Later, we unrolled the beach towel again. This time, I set out the objects, named them, and then asked Tyson to point to the objects. He did a great job with this.
As a teacher, I know that a huge part of learning occurs through transfer. In other words, if a child knows something in one setting and then realizes he can use that same knowledge in another setting, massive learning will occur. I wanted Tyson to do that with language. I took the same three objects and put them on the table. We named each one. Then Logan and I created them out of playdough. Tyson got to help as well by pushing the fish cookie cutter into the dough and rolling the ball of dough. As we made a ball, a boat, and a fish, we talked about the words. We said the words in isolation. We talked about them in descriptive ways.


Finally, I tried to help him transfer the knowledge to books.

We read some of these books about the beach and we looked for all of the same objects, as well as naming other objects that were present.

We celebrated when Tyson pointed to the object. We celebrated his partial attempts at saying the words.
This activity is something that you can do constantly throughout the day. In fact, most parents are probably naming and showing objects on autopilot. I think the difference in the activities I chose for Tyson was that I focused on three objects in a variety of places. While this might not be necessary for all children, for a child that language is developing slower, it could be helpful to slow it down and help them recognize and celebrate what they do know.
If you have a post or an idea that you think would be particularly helpful, feel free to comment below. I'd love to hear your thoughts.
Here is where I'm linking up our playtime:
It's Playtime at hands on : as we grow

play academy

Monday, August 15, 2011

Back to School with Books

Back to School, picture books, images


I'm not sending a kid out the door with a backpack and a lunch box yet. This time of year, however, always makes me want to buy new school supplies and sharpen some pencils. I have always loved school!  As a child, the school story was always my favorite fiction genre. I began with Richard Scarry's labeled depictions of classrooms. I branched into chapter books with Ramona the Pest's adventures in Kindergarten. And I continued the school story genre with titles like There's a Boy in the girl's bathroom. School has always been one of my favorite places, what can I say?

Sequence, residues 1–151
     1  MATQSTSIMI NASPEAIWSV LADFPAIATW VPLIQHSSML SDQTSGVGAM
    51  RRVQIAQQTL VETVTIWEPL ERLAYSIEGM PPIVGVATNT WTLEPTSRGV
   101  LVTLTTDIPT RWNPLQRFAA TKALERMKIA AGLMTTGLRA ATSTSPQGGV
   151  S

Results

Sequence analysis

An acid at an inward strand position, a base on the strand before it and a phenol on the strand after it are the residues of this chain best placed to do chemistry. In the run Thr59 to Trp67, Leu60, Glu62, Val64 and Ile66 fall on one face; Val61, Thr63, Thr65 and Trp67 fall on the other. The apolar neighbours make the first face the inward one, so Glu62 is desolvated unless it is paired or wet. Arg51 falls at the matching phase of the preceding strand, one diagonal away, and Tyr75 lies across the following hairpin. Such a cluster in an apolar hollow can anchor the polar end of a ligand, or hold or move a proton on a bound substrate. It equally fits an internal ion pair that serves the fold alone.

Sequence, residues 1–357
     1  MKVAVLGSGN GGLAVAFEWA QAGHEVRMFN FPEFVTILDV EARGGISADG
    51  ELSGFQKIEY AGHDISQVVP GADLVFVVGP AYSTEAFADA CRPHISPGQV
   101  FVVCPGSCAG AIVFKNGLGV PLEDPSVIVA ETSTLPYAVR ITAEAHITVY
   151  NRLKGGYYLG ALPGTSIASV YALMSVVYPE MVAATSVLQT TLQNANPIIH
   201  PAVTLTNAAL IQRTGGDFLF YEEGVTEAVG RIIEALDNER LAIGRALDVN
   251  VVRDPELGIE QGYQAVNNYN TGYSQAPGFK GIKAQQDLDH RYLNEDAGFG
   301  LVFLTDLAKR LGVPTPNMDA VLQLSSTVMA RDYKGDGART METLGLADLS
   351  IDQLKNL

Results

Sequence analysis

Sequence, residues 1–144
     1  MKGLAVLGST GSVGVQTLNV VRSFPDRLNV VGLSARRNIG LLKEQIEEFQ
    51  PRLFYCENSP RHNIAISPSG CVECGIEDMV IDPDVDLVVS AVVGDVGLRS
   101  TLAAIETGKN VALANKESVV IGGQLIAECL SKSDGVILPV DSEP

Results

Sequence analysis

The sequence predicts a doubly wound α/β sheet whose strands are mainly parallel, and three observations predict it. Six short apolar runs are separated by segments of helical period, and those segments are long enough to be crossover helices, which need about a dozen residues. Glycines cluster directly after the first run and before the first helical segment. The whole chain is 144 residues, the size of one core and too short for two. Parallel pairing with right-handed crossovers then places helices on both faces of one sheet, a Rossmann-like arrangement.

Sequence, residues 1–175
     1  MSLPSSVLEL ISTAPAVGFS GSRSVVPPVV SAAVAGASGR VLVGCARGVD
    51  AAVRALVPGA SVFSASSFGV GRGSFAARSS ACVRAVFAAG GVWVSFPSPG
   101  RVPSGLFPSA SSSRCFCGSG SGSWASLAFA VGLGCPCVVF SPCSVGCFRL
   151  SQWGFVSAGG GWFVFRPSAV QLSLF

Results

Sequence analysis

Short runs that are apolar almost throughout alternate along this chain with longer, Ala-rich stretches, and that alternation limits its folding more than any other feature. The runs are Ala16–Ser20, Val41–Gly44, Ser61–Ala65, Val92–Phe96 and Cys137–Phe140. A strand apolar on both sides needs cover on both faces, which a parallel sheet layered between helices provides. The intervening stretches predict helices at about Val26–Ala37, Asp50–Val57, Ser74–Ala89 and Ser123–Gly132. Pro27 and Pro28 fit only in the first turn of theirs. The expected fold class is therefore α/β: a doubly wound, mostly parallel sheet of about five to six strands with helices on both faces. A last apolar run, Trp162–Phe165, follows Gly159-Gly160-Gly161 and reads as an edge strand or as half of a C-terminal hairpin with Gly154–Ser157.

Richard Scarry's Great Big SchoolhousexRamona the Pest (Ramona Quimby (Pb))xThere's a Boy in the Girls' Bathroomx
In honor of the teachers and students starting a fresh school year, I thought I'd share some of my favorite books about the beginning of the school year, starting with some that were special to me when I was teaching.

Back to School Books

back to school, picture books, The Kissing HandThe Kissing Hand- Chester the racoon is not convinced when his mother tells him that racoon school will be fun. But when his mother passes on a family secret- a kiss that he can hold in his hand to remember his mom- going to school seems a little bit easier. This is a great book for mom, too, be prepared to to shed a tear on your first read. You might not want to read with your child the first time through.
back to school, picture books, The Teacher from the Black Lagoon, imageThe Teacher From the Black Lagoon by Mike Thaler.It's Hubie's first day of school and his imagination is running wild with the horrors of his homeroom teacher. This is a great pick for a kid who uses humor to deal with stressful situations. It was always a fun writing prompt for my fourth graders when I was teaching. There are a whole series of books to check out!

back to school, picture books, If You Take a Mouse to School, imageIf You Take a Mouse to School by Laura Numeroff.  Following in the tradition of the If you Give a books by Laura Numeroff, this book focuses on taking a mouse to school. Kids will be able to see the areas of the classroom and supplies as well as laughing at the antics of a mouse in school.